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Irish Government lunch, Dublin, Friday, 30 April 1999: address.



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EMBARGOED UNTIL DELIVERY

11pm AEST, FRIDAY, 30 APRIL, 1999

 

 

ADDRESS BY SIR WILLIAM DEANE

GOVERNOR-GENERAL OF THE COMMONWEALTH OF AUSTRALIA

ON THE OCCASION OF THE

IRISH GOVERNMENT LUNCH

DUBLIN

FRIDAY, 30 APRIL 1999

 

 

Taoiseach, Members of the Oireachta s, Ladies and Gentlemen

 

At the outset, Taoiseach, let me thank you and, through you, the Government and the people of Ireland for the wonderful warmth of the welcome Helen and I have received at every stage of this the first visit to Ireland of a serving Governor-General of Australia. The spirit of friendship and the many acts of kindness which we have encountered speak far more eloquently than I can of the strength of the bonds of ancestry and kinship which exist between our respective countries.

 

It is, of course, a mistake to view the Irish-Australian relationship purely in terms of those historical bonds. For the relationship is a dynamic and living one. It embraces trade and tourism; commercial investment; cultural and academic exchanges; and thriving sporting connections. And we have many shared political and economic interests both as part of our bilateral relationship and as members of the international community.

 

There is, of course, much potential for growth. I think we are all conscious of that. For example, given the enormous development of information technology industries in Ireland as a leading element of this country’s remarkable economic performance in recent years, there is considerable scope for increased trade, investment and co-operation between the IT sectors of our two countries. The same can be said of a range of other manufacturing areas such as pharmaceuticals, chemicals, processed food and engineering services.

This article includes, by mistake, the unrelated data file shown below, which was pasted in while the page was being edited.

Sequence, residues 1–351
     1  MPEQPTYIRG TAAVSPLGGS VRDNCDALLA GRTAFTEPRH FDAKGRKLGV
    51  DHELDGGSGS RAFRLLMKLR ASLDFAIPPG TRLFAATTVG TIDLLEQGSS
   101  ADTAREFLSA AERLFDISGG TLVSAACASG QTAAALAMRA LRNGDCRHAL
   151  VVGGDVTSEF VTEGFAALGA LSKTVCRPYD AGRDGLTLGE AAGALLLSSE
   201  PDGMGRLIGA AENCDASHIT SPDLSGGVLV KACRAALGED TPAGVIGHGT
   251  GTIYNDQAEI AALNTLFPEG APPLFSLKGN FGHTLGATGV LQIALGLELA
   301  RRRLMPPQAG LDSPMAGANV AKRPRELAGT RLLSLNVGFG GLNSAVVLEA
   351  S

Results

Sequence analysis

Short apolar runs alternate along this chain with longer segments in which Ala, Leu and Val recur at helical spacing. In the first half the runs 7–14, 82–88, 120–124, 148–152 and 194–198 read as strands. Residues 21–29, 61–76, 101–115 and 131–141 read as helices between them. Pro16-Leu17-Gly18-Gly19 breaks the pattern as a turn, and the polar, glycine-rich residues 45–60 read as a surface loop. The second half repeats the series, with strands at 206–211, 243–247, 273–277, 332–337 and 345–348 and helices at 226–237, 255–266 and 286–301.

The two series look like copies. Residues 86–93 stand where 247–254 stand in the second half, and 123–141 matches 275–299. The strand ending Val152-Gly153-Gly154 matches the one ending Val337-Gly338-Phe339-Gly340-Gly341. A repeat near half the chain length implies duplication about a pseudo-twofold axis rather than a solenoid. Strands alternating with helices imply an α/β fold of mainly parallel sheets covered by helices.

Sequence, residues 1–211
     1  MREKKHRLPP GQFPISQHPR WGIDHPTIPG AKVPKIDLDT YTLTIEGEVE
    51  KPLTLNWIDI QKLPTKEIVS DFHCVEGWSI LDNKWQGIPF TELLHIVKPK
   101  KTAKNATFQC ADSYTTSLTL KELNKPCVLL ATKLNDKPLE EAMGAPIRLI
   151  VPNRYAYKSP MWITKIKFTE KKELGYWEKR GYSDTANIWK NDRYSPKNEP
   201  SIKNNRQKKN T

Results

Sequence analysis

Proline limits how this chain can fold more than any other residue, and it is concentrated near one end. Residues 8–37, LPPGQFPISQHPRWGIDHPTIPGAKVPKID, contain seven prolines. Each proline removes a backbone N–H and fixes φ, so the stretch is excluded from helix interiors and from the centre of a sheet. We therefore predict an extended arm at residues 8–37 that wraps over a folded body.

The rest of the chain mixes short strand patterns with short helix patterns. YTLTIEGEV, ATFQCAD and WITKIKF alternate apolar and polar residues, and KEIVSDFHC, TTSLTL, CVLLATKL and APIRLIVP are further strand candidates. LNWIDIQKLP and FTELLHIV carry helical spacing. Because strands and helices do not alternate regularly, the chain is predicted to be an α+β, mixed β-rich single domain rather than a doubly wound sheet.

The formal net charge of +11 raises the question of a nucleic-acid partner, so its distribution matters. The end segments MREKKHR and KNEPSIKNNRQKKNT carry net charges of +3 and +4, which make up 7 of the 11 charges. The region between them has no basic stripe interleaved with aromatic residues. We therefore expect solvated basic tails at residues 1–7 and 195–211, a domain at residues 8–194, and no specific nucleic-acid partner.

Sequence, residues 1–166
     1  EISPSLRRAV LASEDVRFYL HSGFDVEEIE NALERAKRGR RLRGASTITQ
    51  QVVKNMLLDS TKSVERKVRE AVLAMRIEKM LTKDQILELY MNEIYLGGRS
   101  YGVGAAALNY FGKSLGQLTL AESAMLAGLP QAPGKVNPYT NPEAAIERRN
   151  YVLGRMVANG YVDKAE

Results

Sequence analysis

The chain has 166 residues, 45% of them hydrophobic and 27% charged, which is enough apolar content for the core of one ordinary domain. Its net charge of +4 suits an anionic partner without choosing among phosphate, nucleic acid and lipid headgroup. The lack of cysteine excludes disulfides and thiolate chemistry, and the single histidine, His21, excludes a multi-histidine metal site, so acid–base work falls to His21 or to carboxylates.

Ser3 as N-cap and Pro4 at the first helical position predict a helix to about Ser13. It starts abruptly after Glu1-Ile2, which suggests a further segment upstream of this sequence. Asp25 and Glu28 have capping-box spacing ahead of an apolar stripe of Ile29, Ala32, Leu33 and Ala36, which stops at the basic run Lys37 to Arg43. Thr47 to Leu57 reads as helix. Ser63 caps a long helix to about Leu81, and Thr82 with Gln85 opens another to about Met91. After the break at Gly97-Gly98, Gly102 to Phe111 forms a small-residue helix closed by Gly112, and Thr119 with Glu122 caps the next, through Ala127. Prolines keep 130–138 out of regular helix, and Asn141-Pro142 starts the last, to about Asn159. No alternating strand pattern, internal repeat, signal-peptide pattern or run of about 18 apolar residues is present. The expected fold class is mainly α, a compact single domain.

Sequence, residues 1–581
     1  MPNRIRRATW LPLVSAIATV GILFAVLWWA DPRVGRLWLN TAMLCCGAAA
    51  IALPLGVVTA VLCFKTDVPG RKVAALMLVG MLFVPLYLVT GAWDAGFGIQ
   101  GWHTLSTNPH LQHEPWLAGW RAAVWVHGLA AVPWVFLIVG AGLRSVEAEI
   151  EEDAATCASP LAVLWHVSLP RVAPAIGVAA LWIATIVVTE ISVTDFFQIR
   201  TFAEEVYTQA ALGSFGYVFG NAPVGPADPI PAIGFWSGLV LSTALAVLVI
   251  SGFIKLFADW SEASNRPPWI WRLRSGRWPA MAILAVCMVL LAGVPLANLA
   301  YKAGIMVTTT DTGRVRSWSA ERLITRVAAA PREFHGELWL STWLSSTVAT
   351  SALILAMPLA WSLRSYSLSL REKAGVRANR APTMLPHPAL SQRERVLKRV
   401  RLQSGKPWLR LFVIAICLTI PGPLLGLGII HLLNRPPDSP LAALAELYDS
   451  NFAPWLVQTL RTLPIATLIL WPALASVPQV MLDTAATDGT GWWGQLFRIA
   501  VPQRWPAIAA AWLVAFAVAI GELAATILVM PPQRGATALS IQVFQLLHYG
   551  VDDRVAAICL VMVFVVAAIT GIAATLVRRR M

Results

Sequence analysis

Moreover, each of our countries enjoys commercial strategic advantages which could be more extensively utilised by the other. Ireland’s location on the edge of continental Europe while being part of the European Union, its active development of European markets, its membership of the Euro Economic and Currency Union, its well-educated young workforce, modern infrastructure and strong economic performance offer significant advantages to Australian businesses in their efforts to develop and expand their trade with Europe. In that regard, I notice that, with the encouragement and help of the Irish-Australian Business Association and its Australian counterpart, the Australia Ireland Chamber of Commerce, a number of Australian companies are now operating out of Ireland. Conversely, given the stability and strength of the Australian economy - some overseas commentators have even referred to it as a “miracle” economy, our sophisticated technology, the compatibility of language and culture and our geographic location in the Asia-Pacific, Australia offers many advantages to Irish businesses wishing to establish and expand in our region. In that regard, as you know, some leading Irish companies have already established themselves in Australia as an investment centre and as a base for entering our regional markets.

 

All that having been said however, the plain fact remains that the reason why the relationship between Ireland and Australia is such a truly unique one is to be found in the extraordinary strength of the bonds which have been forged, through kinship and history, between our countries ... between the Irish and the Australian people.

 

The ties between our countries go back to the very beginnings of European settlement in Australia in 1788 when Irish convicts were among those who came in the First Fleet.

 

The torrent of Irish migration to Australia flowed, however, in the decades between the Great Famine and the First World War. During that period, some 300,000 Irish people travelled around the world to Australia. Some were educated professional people. The great majority, including Helen’s and my own great grandparents, were from poorer, rural backgrounds. They came from all regions of Ireland. Some were Catholics and some were Protestants. By 1900, first and second generation Irish people were by far the largest group in the Australian population after the English.

 

Over the past fifty years we have seen a remarkable transformation in Australia. During that half-century, more than five and a half million people have migrated to our shores from 140 different countries, representing all the regions, races, religions an d cultures of the world.